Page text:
Lenght with tail:50-62″
Sexual Maturity:2 years
Gestation Period:280-300 days
No. of Young:1-2
The oryx is a large antelope of striking appearance with long, spearlike horns. It has a thick, horselike neck with a short mane and a compact, muscular body. A defined pattern of black markings that contrast with the white face and fawn-colored body are prominently displayed in dominance rituals to emphasize the length of horns and strength of the shoulder.
The head is marked with black triangular patches and broad black stripes that extend from the base of the horns over the eyes to the cheeks. A ring of black encircles the throat and runs down the neck to the chest. The ears end in a black tip (a black tassel hangs from the ear tip of the fringe-eared oryx). A narrow black stripe runs along the spine, and another one separates the lower flank from the white underparts of the body. The white forelegs have a black ring above the knee and a black patch below. The black tail tassel reaches to the hocks.
The oryx’s ringed horns are up to 30 inches long, making them formidable weapons. The female’s horns are often longer and thinner than the male’s.
This is a powerful-looking antelope with a well-defined pattern on the head and body. On the face, there are three black stripes alternating with three white ones. There is a black stripe running down the center of the back. The white underside is separated from the gray flanks by a black line. The tail is long and has a black tuft. The horns are nearly straight and almost parallel, and average about 30 inches long. The female’s horns are usually longer and slimmer. There are two distinct races of gemsbok: a northern form which often has its ears fringed in black, and a southern form with longer horns, rounder ears, and a darker rump. Length of head and body is up to six feet, shoulder height about 4 feet, and it weighs up to 450 pounds.
The social system of the oryx is unusual in that nonterritorial males live in mixed groups with females, or with females and their young. Males that dominate are territorial to a degree, marking their areas with dung deposits. Groups are composed of 10 to 40 males and females of all ages and both sexes; herds of up to 200 are common in some East African habitats.
The dominance hierarchy among oryx is based on age and size. As they grow, calves test one another in what look like games, though in reality are tests of strength. As the hierarchy becomes established, the need to fight is reduced. Ritual displays replace actual contact, except when evenly matched individuals may have to fight to establish their rank. Along with lateral displays, oryx perform a slow, prancing walk and sometimes break into a gallop. When several males are making these displays, they may clash horns.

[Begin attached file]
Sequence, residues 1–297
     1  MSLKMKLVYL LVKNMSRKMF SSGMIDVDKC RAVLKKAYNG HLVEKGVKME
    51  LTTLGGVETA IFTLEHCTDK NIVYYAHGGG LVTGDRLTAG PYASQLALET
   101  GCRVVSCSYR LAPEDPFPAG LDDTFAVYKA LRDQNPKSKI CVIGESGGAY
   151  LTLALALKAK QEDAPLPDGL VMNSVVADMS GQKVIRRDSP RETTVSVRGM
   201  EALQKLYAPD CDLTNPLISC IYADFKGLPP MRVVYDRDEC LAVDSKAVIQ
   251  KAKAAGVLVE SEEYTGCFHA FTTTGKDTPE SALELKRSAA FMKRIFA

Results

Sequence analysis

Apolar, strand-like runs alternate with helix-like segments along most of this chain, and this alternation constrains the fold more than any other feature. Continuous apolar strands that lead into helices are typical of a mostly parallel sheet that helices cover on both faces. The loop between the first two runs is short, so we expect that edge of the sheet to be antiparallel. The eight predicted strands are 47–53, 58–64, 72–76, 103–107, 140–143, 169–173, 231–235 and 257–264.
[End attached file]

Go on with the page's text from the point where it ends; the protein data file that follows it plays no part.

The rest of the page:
Herd composition in the wild constantly changes according to need. Oryx wanting to drink, for example, form a group to go to water, or females with young form a group that moves more slowly. The result is a social system that allows for individual needs but retains the advantage of group living. Oryx range widely over a large area, but their keen sense of smell alerts them to rain in the area, so that groups quickly assemble, often in herds of 200 or more, to feed on new growth.
Originally, various oryx species were found in all of Africa’s arid regions. One species that occurred on the Arabian Peninsula was exterminated recently but has now been reintroduced into the wild from captive stock. Well adapted to the conditions of their hot, arid habitats, oryx can live as long as 20 years.
Oryx typically feed in early morning and late afternoon and sometimes on moonlit nights. Their diets consists mainly of coarse grasses and browse from thorny shrubs. In desert areas they consume thick leaved plants, wild melons, as well as roots and tubers they dig out of the ground. They may drink if water is available but can survive days or even weeks without it.
Plants growing in arid areas inhabited by oryx have also adapted to the hot, dry conditions and either store water or have mechanisms to prevent excess loss. Plants collect dew, gradually releasing it during the hotter parts of the day. Some plants increase their water content by 25 to 40 percent, so when oryx feed late at night or early in the morning, it provides them with both food and water.
Like other antelope species, oryx primarily depend on flight to escape from predators such as lions, wild dogs and hyenas.
The oryx is a good example of an antelope that has successfully adapted to the harsh conditions of dispersed food, intense heat and little or no water. The female comes into heat soon after giving birth. The more frequent estrus cycles enable females to produce calves at 9-month intervals.